Apart from PSD2 in Europe, are there any equivalents in other parts of the world?
Open banking just became a reality for Australia where banks are being asked to open up access to consumer data by July 2018, which will give consumers much greater choice when seeking to switch banks.
Asia might also be following the European lead, with Singapore moving towards pushing the boundaries of open banking. It´s worth noting that US Dodd-Frank Wall Street reform was enacted in 2010 as a result of financial crisis in 2008, but no formal actions have been taken to offer data access through open APIs. The key message here is that as all the markets prepare new legislations implementing PSD2, the open banking landscape continues to evolve.
What do you think is the current state of PFM in digital banking and what is the future?
There are a couple of points to make here. I think historically PFM got off to a false start simply because banks that implemented it have done one of two things: they either put their PFM solution within their online banking without an aggregation option, so it's not really going to help me as a user who has multiple banking relationships. Secondly, the banks that deployed PFM often only made the service available via a tab within online banking. This lowered the adoption rates.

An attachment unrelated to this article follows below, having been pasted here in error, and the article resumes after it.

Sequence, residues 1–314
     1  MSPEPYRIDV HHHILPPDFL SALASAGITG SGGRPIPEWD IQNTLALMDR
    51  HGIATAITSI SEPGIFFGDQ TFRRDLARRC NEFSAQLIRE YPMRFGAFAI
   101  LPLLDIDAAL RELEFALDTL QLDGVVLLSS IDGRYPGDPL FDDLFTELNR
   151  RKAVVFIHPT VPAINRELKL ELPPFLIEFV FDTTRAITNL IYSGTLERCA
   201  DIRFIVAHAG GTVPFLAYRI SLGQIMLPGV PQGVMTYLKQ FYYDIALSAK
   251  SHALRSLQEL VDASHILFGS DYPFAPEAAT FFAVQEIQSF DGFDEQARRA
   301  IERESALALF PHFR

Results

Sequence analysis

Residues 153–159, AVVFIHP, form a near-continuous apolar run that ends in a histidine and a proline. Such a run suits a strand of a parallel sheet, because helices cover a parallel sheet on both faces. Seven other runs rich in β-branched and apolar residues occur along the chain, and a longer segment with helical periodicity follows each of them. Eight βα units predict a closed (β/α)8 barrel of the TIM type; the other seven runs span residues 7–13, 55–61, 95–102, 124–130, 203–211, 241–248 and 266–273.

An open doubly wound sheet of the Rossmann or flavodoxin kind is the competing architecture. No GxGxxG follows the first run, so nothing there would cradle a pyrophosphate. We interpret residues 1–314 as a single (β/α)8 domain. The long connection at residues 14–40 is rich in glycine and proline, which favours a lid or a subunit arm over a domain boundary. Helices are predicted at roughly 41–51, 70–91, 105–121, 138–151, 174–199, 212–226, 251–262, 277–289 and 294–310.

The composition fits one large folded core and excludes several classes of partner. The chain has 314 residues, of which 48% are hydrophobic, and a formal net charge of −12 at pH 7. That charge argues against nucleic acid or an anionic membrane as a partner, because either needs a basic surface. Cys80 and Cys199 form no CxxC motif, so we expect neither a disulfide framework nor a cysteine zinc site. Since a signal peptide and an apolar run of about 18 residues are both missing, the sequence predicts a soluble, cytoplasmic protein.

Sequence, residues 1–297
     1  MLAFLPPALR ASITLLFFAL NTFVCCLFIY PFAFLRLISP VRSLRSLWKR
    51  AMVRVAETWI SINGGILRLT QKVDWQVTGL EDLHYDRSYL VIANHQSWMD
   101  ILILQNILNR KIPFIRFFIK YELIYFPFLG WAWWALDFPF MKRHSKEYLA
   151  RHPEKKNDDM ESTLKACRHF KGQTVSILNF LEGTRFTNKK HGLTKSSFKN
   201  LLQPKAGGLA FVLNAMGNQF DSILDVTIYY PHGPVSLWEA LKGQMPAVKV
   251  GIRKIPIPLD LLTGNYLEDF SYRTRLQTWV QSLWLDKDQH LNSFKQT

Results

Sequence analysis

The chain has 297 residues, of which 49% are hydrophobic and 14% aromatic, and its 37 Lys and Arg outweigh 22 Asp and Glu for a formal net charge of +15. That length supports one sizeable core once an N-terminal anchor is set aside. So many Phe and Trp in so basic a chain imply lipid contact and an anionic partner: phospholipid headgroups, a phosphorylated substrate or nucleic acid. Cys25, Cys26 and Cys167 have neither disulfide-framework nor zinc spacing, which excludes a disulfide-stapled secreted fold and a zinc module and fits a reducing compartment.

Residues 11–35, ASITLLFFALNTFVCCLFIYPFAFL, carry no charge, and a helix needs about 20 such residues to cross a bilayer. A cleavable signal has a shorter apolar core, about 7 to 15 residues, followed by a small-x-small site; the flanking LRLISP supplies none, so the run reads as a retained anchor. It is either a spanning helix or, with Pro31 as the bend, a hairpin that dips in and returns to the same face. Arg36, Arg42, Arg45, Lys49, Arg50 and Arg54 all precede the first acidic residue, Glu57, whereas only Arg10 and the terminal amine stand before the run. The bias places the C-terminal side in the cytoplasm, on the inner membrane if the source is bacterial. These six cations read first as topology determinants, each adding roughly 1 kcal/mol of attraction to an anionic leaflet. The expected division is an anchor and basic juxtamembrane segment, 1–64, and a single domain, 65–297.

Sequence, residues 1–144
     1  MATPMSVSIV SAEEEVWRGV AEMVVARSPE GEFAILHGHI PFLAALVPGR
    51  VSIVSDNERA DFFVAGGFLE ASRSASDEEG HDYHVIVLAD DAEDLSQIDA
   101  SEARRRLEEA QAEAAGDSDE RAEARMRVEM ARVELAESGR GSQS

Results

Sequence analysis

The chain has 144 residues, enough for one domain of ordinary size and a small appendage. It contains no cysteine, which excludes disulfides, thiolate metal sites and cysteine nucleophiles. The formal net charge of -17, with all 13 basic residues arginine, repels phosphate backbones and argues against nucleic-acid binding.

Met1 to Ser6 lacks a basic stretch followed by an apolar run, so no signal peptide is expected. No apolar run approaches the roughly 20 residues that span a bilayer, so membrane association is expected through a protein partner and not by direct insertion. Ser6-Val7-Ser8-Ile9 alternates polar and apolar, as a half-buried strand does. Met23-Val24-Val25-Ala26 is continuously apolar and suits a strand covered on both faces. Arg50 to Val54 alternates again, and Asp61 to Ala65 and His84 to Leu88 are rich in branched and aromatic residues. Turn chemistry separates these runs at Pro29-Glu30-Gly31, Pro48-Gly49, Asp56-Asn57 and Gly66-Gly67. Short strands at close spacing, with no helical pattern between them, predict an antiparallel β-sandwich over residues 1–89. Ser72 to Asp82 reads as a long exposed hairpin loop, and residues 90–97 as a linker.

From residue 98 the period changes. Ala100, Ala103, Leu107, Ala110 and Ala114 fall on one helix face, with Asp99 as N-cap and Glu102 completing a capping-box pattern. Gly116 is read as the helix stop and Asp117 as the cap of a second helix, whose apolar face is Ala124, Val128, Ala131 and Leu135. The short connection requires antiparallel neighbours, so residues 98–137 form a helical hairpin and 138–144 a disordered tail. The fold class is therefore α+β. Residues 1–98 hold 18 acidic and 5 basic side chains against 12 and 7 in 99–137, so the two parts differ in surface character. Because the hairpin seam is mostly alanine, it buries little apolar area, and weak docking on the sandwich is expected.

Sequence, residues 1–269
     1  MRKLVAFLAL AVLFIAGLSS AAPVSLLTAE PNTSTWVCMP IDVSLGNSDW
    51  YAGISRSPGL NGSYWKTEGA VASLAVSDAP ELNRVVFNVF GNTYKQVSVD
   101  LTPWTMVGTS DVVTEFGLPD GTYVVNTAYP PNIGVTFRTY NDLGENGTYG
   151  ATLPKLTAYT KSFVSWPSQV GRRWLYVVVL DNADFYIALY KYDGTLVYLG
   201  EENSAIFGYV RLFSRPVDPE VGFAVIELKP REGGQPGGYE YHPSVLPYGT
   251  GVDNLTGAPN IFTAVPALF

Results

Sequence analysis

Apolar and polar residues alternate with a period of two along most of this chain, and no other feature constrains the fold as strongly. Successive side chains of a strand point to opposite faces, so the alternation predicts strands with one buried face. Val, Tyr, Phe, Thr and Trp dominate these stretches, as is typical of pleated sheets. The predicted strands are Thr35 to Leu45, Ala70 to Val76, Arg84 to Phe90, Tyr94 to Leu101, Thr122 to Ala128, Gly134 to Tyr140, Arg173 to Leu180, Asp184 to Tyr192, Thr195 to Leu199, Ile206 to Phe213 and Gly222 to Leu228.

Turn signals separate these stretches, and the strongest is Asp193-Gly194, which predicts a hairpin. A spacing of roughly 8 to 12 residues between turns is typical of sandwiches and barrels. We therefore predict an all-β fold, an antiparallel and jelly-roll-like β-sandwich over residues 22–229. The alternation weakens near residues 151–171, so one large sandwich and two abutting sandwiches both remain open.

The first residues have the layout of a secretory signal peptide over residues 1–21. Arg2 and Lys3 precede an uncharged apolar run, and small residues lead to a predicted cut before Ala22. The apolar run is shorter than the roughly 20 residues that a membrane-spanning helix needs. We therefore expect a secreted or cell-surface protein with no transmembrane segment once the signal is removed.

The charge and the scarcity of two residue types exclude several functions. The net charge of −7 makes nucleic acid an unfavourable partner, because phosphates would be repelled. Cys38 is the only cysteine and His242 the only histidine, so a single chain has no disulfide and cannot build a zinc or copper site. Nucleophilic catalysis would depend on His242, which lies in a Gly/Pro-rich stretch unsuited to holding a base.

The successful PFMs nudge consumers in the right direction, giving insightful information that help them understand our finances – i.e. will I have enough money to go out on Friday night? Will I have enough money to pay my bills next week? This can be compared to a fitness app - if I register for this app and log-in at the end of the month and it tells me I am no fitter, I will probably never use it again. This can be said to be the same as a PFM app where at the end of the month I still don’t have any spare cash to save or invest! The right solution should help lead us to the right decisions.
Why are some banks not there yet with PFM that works?
They look at PFM and think: “This is expensive and a lot of work and we don’t know how to generate money out of it.” They often don't see the revenue opportunities that PFM offers, and even if they do, it is seen as a big risk, when in reality, if done correctly, the monetizing options that PFM can open up offer interesting revenue streams for banks.
Jason O´Shaughnessy is Senior Vice President of International Markets at Envestnet | Yodlee. Jason has successfully built a strong International presence for Envestnet | Yodlee and brings over a decade of experience pioneering financial technology innovation.